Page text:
I’m grateful for the Teatro Real (especially in this RIDICULOUS LIGHT! I mean, seriously, are you kidding me with this?!?!) It’s a truly lovely place to work for a number of reasons, but really the only one I need to list, is the amazing people that make up the staff here. It’s a relatively "new" theater, in that it re-opened just over (roughly) 10 years ago as an opera theater, and so all the people on the staff have a sense of ownership, that they have built this theater back with their own sweat, and there is a tremendous, beautiful sense of pride that permeates all aspects of the hustle and bustle backstage. They really treasure the quality of work they do, and THEY LOVE THE MUSIC! I’ll tell you, in as much as my experience can judge, this is the only backstage staff I’ve encountered that can sing along with "Fuor del Mar" – and I promise I’m not exaggerating! It’s a gift to be working alongside people who really love the music, the singers, their jobs – and that have great senses of humor, something especially valuable in a show like "Idomeneo".
I first stepped into this city nearly 7 years ago to the day for my first European “Cenerentola” in the summer of 2001. I don’t think I had the nerve to actually speak to too many people, as I was just trying to stay above water and act like I was full of confidence, when I was anything but, and I just remember secretly hoping that I wouldn’t be fired. It was the first time I met singers like Raul Gimenez and Carlos Chausson, and I remember them for their generosity and willingness to offer advice and support to a new kid on the block. I think it was when I first started to realize that I was joining a family of remarkable people – not an evil den of divas waiting to rip your vocal cords out, but kind hearted, hard working, real people. I snuck into the back door as a complete (and I mean, completely) unknown singer, and the public here reached out to me with their warmth and made this scared singer feel most welcome.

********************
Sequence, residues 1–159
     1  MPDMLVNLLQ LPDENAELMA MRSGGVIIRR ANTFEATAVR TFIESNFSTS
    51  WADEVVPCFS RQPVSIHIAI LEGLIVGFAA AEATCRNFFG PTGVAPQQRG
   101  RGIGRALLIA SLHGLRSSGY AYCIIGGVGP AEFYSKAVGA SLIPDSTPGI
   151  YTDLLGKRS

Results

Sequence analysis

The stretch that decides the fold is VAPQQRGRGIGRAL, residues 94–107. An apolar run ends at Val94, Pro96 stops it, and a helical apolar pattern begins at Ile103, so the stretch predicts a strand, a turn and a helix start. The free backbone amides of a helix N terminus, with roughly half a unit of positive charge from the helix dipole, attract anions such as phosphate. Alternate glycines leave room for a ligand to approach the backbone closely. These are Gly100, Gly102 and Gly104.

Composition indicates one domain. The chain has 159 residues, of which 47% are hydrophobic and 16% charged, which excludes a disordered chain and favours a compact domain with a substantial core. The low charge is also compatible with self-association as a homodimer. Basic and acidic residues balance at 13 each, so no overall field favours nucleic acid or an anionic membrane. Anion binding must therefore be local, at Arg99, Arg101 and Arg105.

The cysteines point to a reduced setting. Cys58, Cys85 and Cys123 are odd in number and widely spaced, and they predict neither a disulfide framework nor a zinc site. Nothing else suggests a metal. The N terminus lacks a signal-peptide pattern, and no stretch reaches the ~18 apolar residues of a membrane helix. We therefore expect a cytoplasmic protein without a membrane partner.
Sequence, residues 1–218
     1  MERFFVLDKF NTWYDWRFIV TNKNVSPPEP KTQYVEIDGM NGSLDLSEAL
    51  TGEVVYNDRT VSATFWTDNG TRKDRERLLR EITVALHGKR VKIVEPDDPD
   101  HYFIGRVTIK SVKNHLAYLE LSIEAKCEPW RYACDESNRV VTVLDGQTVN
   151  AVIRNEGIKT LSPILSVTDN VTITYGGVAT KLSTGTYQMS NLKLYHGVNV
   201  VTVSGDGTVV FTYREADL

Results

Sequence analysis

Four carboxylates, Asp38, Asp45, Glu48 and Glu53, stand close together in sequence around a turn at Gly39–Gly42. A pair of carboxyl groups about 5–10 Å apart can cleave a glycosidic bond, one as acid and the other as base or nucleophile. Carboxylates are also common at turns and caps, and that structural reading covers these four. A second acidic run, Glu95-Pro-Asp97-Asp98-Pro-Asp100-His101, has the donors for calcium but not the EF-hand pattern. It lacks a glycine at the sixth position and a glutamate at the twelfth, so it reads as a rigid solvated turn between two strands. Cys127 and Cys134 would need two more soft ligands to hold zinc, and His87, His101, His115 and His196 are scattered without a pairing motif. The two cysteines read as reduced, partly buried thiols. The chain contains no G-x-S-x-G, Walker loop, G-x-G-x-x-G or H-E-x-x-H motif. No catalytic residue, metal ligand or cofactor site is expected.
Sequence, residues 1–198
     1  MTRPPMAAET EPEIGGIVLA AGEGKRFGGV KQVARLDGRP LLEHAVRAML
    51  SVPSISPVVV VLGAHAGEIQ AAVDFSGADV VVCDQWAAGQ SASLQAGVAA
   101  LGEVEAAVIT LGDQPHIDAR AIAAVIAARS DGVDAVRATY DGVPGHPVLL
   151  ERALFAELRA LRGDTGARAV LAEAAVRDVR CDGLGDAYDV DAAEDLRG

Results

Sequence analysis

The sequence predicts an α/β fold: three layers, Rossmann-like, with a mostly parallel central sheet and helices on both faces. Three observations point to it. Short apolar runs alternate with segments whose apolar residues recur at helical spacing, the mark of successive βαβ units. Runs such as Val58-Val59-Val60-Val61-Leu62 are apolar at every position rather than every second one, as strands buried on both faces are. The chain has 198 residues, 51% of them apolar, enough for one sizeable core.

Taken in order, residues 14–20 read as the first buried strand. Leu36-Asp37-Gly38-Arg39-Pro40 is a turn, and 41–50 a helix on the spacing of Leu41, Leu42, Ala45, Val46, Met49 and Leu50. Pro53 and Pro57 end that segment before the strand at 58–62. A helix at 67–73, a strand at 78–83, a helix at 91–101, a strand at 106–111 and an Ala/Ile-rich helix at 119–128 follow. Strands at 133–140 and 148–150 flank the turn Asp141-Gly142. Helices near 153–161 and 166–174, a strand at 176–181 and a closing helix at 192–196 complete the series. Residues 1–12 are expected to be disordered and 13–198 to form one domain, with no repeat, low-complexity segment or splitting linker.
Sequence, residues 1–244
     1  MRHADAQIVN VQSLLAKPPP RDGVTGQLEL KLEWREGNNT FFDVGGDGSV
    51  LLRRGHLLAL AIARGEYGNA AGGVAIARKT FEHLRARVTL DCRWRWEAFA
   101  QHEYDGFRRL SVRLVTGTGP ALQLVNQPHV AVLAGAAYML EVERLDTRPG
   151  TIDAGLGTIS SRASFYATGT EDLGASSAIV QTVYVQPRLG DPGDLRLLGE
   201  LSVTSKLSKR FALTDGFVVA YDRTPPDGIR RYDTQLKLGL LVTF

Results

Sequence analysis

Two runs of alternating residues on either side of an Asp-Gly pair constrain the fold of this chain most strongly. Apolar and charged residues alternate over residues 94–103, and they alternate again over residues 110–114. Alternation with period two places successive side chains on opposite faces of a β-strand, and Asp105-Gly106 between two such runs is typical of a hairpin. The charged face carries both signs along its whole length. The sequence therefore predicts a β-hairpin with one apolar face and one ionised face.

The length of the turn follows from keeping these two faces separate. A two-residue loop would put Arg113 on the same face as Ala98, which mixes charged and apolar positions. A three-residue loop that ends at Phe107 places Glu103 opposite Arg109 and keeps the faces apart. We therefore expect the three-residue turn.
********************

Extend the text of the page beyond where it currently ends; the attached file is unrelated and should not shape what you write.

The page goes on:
Two years ago I sang my first German role here (Since it was only one line, I’ll opt not to count the “Slave” in Salome which was my official Houston Grand Opera debut role.) During the run, my Dad turned quite ill, and I knew I had to go home to be with him in the hospital; the outpouring of support from the theater made an unbearable situation possible to endure. I will never forget their kindness. And now I’m back, surrounded by the same beautiful people, a bit less worried about being fired, more familiar with where to find the best gazpacho in town, and happy to listen to them sing along backstage! Besos para todos!!!